Author Topic: VFF claims animal welfare expectations are unrealistic'  (Read 1729 times)

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VFF claims animal welfare expectations are unrealistic'
« Reply #1 on: April 28, 2012, 07:06:44 PM »
OUTGOING Victorian Farmers Federation president Andrew Broad has fired a parting shot at unrealistic consumer demands.

Consumers could not expect to put more pressure on farmers to meet unrealistic animal welfare expectations while paying less for their food as supermarkets drove down prices, Broad warned.

In his final address as the VFF's leader, at its annual conference in Bendigo, Mr Broad said the expectation that consumers could have cheaper food while demanding higher animal welfare standards was unrealistic.

"The consumer cannot have both," he said. "You can't keep squeezing food prices, and putting expectations on farmers and expect there to be a long-term sustainable industry."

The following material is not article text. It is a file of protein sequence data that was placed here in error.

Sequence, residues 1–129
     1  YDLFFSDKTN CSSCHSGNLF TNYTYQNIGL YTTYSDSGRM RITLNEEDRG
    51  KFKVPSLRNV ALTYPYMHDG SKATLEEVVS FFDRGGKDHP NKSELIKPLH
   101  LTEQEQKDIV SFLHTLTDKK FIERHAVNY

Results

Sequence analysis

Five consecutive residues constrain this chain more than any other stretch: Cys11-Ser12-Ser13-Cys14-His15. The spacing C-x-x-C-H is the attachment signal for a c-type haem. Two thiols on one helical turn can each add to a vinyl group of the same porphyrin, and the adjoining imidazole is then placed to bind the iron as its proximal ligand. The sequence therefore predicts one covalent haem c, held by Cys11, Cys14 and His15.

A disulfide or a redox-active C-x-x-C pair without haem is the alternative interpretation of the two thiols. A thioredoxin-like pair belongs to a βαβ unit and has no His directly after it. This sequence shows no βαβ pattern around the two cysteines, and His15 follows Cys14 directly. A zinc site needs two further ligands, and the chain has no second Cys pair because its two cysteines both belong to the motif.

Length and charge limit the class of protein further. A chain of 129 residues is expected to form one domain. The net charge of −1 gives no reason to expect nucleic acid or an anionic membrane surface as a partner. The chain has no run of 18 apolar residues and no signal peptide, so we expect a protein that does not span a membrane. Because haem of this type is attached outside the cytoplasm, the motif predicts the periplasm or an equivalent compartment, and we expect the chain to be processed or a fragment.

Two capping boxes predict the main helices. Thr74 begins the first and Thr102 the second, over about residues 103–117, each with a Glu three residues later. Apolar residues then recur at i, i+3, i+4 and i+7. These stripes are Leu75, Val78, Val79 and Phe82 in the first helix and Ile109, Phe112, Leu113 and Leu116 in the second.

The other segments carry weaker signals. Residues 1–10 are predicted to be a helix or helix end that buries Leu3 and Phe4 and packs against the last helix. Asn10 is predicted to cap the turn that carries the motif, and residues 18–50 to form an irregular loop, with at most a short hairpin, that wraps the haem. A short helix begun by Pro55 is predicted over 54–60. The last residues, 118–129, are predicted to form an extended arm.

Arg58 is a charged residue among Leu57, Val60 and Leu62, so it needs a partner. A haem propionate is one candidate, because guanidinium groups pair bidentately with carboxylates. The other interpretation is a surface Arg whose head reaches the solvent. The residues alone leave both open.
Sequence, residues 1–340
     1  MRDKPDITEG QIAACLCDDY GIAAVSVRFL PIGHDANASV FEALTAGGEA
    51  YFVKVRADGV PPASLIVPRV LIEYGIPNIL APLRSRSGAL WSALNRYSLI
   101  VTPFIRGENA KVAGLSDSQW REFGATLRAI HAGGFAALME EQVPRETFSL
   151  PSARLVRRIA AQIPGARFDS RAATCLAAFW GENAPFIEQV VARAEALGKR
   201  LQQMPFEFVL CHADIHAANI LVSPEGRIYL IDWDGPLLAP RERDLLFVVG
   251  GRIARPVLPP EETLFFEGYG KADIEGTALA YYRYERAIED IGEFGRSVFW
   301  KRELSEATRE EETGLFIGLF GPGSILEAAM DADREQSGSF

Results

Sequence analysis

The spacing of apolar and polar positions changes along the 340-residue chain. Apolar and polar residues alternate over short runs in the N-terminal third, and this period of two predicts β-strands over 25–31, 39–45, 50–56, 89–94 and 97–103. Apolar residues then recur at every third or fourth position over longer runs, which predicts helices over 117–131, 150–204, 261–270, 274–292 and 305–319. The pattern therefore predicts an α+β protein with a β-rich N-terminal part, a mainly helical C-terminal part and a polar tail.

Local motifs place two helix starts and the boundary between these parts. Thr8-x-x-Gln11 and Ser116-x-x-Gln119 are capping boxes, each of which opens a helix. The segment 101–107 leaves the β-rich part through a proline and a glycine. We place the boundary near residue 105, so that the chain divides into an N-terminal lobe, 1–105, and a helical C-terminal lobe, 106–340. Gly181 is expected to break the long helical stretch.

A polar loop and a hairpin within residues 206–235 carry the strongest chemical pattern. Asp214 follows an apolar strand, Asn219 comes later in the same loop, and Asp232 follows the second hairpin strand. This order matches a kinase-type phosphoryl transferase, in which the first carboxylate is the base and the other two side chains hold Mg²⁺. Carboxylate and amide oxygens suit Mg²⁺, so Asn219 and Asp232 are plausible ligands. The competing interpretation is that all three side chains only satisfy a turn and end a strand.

During a heated debate on welfare issues, Melbourne University Animal Welfare Science Centre's professor Paul Hemsworth said studies showed it was questionable whether consumers would pay any more for higher standards.

A small group - between five and fourteen - of activists also protested outside as the debate went on.

National Farmers' Federation president Jock Laurie said animal welfare was one of the biggest issues facing farmers.

More than ever farmers should support their lobby groups to ensure policies were balanced and their voices were heard by governments, he said.

Farmers had not been pro-active enough on animal welfare, Mr Laurie said, and should employ professional marketers to lift the sector's profile, or risk a "barrage of legislation".

Animals Australia executive director Glenys Oogjes said farmers had a responsibility to their animals post farm-gate sale. She was backed by the RSPCA's Maria Mercurio.

Ms Oogjes also said the Australian live cattle export industry was too slow to produce improvements in animal welfare and that it took her organisation's activities exposing the treatment to create change.

But outgoing VFF Livestock chairman Chris Nixon said farmers were paid less now than a decade ago, so producing first-class animal welfare outcomes was harder.

Mr Nixon said Australia was the only country that spent money and time going to other nations to try to help them lift animal welfare standards.

Kate Dowler |  April 26, 2012